Ah Kosher Un Freilichen Pesach

I was walking out of Zeman’s Bakery in Oak Park, Mi., a number of years ago when I chanced upon Morris Flatt. Morris is a real character, except for Shabbat he always dressed oddly and he also speaks with a peculiar accent and often makes outrageous statements and he’s a holocaust survivor. We spoke and kibitzed for a few minutes and since it was just a few weeks before Passover, as we departed company I gave him the traditional farewell, “Ah Kosher Un Freilichen Pesach – have a kosher and joyous Passover.”

Flatt looked at me with utter shock and said, “why do you insult me like that?”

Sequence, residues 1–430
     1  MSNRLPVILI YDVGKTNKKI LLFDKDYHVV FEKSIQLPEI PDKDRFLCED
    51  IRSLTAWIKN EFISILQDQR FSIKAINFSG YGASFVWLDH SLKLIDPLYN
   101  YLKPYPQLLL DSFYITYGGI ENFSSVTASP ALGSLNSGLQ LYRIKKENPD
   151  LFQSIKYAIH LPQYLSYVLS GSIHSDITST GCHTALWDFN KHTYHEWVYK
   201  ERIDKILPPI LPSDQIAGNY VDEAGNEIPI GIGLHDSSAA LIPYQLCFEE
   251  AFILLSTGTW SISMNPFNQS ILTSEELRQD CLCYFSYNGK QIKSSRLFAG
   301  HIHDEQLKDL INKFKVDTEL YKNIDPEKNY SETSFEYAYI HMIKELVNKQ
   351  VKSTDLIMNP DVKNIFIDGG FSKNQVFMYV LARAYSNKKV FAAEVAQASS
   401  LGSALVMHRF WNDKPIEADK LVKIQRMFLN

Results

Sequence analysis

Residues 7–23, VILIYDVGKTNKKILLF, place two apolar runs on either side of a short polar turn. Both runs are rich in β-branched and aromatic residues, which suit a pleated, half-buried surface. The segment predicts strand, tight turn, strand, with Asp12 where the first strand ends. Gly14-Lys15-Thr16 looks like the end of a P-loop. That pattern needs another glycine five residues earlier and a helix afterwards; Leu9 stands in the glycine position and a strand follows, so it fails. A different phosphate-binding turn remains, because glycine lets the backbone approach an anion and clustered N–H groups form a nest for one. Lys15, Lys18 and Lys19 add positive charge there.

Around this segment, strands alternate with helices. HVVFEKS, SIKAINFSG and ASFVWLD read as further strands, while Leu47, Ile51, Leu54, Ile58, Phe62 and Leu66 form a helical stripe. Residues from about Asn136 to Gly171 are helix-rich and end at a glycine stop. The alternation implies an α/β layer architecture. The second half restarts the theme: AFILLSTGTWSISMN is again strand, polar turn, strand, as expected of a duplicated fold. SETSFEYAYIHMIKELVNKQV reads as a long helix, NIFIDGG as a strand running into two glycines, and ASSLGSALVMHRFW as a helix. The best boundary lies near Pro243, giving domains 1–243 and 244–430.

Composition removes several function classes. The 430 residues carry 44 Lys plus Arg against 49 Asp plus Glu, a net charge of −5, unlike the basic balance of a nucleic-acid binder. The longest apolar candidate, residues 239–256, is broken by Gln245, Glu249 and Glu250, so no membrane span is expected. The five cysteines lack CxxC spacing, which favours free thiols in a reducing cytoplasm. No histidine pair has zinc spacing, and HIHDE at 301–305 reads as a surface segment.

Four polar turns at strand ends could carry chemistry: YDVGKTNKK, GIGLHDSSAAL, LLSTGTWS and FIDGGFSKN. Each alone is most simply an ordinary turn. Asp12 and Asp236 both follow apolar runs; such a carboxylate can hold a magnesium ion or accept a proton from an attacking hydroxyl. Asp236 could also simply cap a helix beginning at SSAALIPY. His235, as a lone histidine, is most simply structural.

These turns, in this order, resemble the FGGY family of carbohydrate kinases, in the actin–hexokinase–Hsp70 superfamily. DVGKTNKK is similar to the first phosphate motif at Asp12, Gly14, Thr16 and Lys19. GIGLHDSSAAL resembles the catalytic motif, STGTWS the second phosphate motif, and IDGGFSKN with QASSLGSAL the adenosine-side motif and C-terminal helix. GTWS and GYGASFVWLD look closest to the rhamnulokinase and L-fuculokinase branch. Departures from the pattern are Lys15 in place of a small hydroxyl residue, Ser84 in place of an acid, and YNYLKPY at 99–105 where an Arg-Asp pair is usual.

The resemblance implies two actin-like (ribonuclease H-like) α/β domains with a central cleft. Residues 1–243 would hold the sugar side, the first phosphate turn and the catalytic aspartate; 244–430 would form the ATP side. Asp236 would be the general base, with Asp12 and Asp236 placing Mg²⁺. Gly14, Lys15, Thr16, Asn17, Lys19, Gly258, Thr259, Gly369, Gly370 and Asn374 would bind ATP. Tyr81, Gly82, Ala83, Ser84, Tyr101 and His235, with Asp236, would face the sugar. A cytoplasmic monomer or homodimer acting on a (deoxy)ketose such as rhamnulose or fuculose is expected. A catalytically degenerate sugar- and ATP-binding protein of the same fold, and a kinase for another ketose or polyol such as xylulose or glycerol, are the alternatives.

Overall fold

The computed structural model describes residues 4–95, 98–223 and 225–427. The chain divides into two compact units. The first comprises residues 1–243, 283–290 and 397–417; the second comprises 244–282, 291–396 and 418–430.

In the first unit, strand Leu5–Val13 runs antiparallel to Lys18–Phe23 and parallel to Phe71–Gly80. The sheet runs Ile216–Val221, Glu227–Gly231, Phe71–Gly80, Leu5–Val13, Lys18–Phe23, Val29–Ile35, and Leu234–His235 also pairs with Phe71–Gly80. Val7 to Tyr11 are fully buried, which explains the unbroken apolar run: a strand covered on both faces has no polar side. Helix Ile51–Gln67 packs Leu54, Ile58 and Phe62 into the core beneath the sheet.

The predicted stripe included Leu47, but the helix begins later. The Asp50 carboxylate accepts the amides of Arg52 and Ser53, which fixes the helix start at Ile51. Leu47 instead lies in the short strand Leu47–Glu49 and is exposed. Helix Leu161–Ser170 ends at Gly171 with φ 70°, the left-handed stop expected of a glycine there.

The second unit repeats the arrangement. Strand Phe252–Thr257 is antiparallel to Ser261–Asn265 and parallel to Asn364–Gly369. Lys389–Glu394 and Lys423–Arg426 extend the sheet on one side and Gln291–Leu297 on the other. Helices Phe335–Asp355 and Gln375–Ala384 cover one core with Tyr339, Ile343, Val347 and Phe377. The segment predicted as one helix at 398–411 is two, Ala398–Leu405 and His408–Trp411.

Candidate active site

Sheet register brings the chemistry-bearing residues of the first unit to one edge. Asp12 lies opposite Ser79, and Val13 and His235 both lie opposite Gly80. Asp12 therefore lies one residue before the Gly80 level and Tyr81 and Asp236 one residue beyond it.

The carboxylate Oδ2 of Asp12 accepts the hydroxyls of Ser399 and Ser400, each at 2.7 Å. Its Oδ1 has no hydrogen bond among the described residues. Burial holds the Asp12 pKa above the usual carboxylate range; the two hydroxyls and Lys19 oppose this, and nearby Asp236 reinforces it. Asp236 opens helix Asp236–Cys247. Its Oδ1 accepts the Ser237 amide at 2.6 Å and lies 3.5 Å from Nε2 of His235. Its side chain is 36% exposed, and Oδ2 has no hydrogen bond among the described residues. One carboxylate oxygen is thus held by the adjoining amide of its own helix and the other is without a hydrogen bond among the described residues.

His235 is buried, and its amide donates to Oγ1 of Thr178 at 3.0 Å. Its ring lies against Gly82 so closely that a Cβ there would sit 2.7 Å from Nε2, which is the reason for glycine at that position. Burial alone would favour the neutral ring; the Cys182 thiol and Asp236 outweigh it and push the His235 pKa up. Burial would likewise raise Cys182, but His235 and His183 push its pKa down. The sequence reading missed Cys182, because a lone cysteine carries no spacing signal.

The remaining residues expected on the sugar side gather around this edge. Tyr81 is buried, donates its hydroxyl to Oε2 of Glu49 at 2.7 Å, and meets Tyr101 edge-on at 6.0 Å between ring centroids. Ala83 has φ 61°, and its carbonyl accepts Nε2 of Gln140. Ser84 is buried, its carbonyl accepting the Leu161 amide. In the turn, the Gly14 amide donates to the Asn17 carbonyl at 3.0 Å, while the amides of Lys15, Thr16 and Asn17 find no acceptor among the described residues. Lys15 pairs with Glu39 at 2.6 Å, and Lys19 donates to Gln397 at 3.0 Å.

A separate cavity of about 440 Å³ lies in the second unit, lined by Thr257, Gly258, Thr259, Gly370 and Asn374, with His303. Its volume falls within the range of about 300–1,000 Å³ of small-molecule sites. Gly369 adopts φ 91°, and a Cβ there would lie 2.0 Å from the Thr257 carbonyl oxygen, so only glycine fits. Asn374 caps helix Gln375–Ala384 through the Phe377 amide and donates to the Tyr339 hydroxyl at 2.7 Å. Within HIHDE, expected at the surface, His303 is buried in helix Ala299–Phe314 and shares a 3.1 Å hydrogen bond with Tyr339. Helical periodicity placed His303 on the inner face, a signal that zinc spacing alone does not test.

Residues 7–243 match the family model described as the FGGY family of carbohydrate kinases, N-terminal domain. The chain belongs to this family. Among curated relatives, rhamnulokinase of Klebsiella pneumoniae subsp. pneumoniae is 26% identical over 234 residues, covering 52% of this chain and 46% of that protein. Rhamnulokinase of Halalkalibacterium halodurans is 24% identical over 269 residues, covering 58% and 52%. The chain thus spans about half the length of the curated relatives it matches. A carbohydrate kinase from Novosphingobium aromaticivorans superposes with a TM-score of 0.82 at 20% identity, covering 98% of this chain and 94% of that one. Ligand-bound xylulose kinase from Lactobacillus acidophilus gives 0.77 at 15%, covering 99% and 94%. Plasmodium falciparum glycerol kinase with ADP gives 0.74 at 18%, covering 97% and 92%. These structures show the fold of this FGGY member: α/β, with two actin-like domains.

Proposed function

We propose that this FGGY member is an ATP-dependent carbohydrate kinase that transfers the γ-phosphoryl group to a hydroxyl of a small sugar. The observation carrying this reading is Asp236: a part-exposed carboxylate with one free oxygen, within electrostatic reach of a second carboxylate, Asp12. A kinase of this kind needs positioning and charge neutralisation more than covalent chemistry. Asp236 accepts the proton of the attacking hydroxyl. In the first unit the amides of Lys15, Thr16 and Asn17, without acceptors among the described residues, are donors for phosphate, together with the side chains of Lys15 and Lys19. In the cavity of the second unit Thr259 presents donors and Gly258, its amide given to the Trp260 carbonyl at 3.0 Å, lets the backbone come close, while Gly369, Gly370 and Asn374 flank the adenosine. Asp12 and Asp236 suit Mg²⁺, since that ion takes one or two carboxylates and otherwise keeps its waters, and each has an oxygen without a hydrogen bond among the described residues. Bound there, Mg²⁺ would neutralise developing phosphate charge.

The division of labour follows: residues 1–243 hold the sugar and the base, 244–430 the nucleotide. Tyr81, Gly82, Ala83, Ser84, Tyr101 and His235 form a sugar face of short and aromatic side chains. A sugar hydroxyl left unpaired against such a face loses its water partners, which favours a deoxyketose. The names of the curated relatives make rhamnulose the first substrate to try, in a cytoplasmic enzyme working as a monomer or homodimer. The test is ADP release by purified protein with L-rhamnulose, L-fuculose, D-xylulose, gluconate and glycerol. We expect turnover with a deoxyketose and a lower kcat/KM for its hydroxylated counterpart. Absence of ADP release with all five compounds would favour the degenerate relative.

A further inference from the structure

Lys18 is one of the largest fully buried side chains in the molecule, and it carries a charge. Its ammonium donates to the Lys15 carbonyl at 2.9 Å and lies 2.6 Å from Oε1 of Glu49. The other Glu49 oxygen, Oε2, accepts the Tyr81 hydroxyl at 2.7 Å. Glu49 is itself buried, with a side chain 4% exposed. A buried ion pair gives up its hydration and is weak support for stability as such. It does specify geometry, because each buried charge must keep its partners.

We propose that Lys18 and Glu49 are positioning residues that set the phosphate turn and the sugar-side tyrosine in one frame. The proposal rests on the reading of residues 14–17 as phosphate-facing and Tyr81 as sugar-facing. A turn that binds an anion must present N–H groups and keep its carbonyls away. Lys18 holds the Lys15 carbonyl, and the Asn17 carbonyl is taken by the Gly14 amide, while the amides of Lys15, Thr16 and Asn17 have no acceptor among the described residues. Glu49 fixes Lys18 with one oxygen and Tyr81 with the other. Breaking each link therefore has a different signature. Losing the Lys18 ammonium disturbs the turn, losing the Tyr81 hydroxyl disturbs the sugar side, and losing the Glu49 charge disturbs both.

I was confused, what did I say to him that upset him so? I said, ‘how did I insult you?”

Flatt responded, “On Pesach I do not allow any food made in anyone else’s home into my house. I don’t care if it’s from my religious neighbor or from my Rabbi, nothing prepared outside my home enters my house. Yet just a few weeks ago, on the festival of Purim when my friends send out Shalach Mones – food gifts, all kinds of baked goods and homemade delicacies enters into my home.  Then, with a twinkle in his eye he said, on Pesach you should say to me, have Ah Freilichen Pesach – have a joyous Passover and on Purim you should say to me, Ah Kosher Un Freilichen Purim – have a kosher and joyous Purim.

What a character, but he does make a good point! Ah Kosher Un Freilichen Pesach – have a kosher and joyous Passover.

 

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